Seeing the U.S. flag draped over a casket is such a powerful image that the Pentagon banned photographing military caskets returning from war since 1991. Experiencing the ceremony when Marines in full dress uniform fold the U.S. flag from over a casket stays in the mind's eye and in the heart. I witnessed this ceremony at the Dallas-Fort Worth National Cemetery over a month ago, and I remember it several times a day. That flag is burned on my brain in a way I'm sure The W Team would wish to ban.
I don't know if the experience is so powerful because I have seen the ceremony only a few times. Would it lose its meaning if I saw it everyday? If so, perhaps the Pentagon's ban is actually keeping Americans from losing their outrage over the senseless loss of life in Iraq and Afghanistan. I need to believe that U.S. soldiers are the epitome of respect, honor, duty, and sacrifice. I need to see the flag-folding presentation ceremony as a beautiful expression of gratitude by all of us to the widows and families who have experienced the ultimate loss for this country's and the world's good. I want the ceremony to represent the best of our nation, not the throw-away attitude of a greedy oligarchy.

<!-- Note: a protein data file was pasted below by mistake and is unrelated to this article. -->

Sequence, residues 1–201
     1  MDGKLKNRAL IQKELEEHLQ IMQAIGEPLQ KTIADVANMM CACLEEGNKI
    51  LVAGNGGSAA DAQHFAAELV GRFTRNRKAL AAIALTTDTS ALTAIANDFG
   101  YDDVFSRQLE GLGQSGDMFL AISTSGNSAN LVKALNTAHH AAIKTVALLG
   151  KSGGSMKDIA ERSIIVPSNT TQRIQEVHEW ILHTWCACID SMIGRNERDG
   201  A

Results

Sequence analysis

Perhaps I'm still the third-grader watching the Marines in their dress uniforms and gloves folding the flag that covered JFK's casket, then solemnly presenting it to Jackie. I watched the funeral procession on a black and white television. My memory was colorized by LIFE Magazine images in red, white, blue, black and pink. It remembers John-John saluting and the riderless horse. It recalls a nation's hope for a government of ideals and chivalry lost to an assassin's bullets.
As an art teacher, I wonder if my fascination with folding spatial exercises was inspired by a President's funeral. Can the orderly transformation of a rectangle into a triangle reconnect any of us with higher aspirations, peaceful methods, a respect for other peoples and nations, or a resolve to prevent the squandering of a single American soldier's life? If a child's brain can grasp the process of changing a two-dimensional surface through a three-dimensional manipulation, could our elected officials grasp a process for changing the world without destroying it?
Fold carefully. Fold mindfully. Fold with sorrow, grief, respect, honor, courage, hope, gratitude. Match corners to corners. Use one hand to keep the corners together while the other hand creases from the center out to the edges very neatly and precisely. Fold with calm and peace and breathing. Fold each new piece with the same clarity of purpose and respect for the paper as you did the first time. Have patience. Refold the map the way it was before. There is a reason for doing things this way. Find the reason in your heart. Act the reason in your life everyday.